I've been obsessively tracking four electoral vote websites since May, watching the results while compiling a spreadsheet with a graph showing the ups and downs of the predicted electoral votes over the past four and a half months.
I harvest the data from Real Clear Politics (which is definitely right-leaning), Electoral-Vote.com (which is just as skewed as RCP, but to the left), electionprojection.com (ran by a hard core Christian... who was more accurate in 2004 than RCP or Electoral-Vote), and CNN's electoral calculator (which has solid data, but doesn't project any toss-up states beyond the brutally obvious... making the race look like it's somehow tighter than it is).
I use these four sites, because I exclusively used electoral-vote.com back in 2004... and then I discovered that it wasn't nearly as accurate as I hoped when it came to projecting the final results of the election. Kinda embarassing when the evangelical Christian's website (serving up political commentary with an eye towards scripture...) was more accurate than a lefty computer science professor.
Anyway, when you look at the data, there are several big trends. First is Obama being a hundred electoral votes ahead during the summer. Republicans still hated McCain and despite the Hillary leftovers, Obama could do no wrong. August saw Obama's EV lead evaporate because McCain got off the straight talk express and slung mud like never seen before. Obama took the high road, was slow to attack back, and as such his lead was smashed to peices, and for a brief period of almost a week, John McCain took the lead in the EV count. The Democratic convention helped return Obama back on top, but the Republican convention (and Palin's unveiling) pretty much cemented Obama's electoral vote lead to about about ten points. What really changed the dynamics of the race was the bailout bill and the growing awareness that the economy was tanking. A few days of Obama doing better in the polls was coupled by the overall realization that Obama always scores better with voters when the topic is the economy. Given that Republicans hate the idea of the government "socializing" Wall Street, and that McCain was for it, he really paid the price for that support in the polls.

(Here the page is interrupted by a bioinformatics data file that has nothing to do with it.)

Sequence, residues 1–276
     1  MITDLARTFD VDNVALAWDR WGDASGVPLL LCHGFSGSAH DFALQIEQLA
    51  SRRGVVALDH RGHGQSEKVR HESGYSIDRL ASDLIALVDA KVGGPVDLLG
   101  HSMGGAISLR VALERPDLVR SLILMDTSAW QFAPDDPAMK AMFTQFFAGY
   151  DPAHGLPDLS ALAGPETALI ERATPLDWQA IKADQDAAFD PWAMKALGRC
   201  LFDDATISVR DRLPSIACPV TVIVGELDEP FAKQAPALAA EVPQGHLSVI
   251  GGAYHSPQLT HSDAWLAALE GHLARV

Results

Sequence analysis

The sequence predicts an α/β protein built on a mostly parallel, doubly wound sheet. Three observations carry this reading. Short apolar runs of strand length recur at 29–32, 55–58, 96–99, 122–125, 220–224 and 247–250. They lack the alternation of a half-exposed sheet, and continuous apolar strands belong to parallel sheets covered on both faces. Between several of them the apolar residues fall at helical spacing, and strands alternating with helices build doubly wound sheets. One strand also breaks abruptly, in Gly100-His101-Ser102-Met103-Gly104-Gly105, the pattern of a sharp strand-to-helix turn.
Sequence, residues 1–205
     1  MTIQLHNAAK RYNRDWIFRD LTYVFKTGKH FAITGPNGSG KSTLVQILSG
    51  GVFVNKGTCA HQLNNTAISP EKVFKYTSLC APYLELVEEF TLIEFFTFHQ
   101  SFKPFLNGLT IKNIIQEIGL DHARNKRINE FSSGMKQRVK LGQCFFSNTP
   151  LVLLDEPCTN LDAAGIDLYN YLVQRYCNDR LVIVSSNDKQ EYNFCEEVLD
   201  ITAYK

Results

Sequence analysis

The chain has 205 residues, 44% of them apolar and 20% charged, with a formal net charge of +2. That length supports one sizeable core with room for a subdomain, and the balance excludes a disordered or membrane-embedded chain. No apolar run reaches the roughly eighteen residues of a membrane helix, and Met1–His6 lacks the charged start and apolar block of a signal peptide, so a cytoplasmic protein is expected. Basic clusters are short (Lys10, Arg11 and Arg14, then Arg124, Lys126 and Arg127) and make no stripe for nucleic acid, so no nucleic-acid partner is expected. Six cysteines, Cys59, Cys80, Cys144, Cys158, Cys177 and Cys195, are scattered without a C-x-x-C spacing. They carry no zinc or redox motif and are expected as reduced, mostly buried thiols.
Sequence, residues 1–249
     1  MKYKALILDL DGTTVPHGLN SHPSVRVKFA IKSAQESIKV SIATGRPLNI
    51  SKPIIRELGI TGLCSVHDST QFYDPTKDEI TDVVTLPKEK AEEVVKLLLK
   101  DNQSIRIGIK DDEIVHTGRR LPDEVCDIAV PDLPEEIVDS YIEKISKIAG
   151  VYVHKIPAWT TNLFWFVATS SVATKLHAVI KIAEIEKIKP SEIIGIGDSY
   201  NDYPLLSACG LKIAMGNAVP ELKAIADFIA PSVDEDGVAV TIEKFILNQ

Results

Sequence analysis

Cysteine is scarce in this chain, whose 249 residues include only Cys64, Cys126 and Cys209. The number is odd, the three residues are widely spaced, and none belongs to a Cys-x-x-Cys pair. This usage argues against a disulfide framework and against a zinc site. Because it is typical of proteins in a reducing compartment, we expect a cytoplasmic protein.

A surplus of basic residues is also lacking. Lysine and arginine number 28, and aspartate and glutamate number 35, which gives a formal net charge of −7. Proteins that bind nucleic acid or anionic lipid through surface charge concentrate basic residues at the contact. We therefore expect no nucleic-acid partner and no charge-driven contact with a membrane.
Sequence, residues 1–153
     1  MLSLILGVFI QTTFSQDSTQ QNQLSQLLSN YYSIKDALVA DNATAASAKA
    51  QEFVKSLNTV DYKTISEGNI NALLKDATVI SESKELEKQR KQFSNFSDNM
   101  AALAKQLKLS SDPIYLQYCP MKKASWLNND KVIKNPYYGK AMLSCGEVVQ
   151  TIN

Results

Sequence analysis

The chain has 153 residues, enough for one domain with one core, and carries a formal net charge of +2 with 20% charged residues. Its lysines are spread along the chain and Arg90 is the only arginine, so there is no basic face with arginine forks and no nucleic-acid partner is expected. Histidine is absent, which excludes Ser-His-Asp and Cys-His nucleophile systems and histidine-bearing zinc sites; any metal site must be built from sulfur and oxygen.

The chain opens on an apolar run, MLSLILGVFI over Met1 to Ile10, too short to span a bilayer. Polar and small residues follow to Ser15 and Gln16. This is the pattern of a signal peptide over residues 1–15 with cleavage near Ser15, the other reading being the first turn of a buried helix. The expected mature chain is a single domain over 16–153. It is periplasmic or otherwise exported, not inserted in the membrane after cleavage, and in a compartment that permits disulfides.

Right now, Obama's lead is farther than McCain's than at any time during the race. In fact, while 129 electoral votes are up for grabs in states that are polling within 5% for either candidate, Obama currently has a 190 EV lead. Not too shabby. Of course, we have 28 days to go, so really anything could happen. Obama's lead can evaporate as quickly as he gained it... but honestly, I'm optimistic that if trends continue, Obama will win by a wide margin... and most likely have at least 57 senators (and a large majority of the House) backing him up in Washington. Get ready for one party politics again, the ancient eighty year old liberals on the Supreme Court to be replaced by younger fifty year old liberals, and the Democratic agenda/steamroller being the subject of republican talk radio for the next two years.
Then again, tomorrow is the second debate, and Obama could admit to being a gay terrorist who will cede America's power to Osama Bin Laden. Unless something like that happens, it will probably take that for McCain to win this election.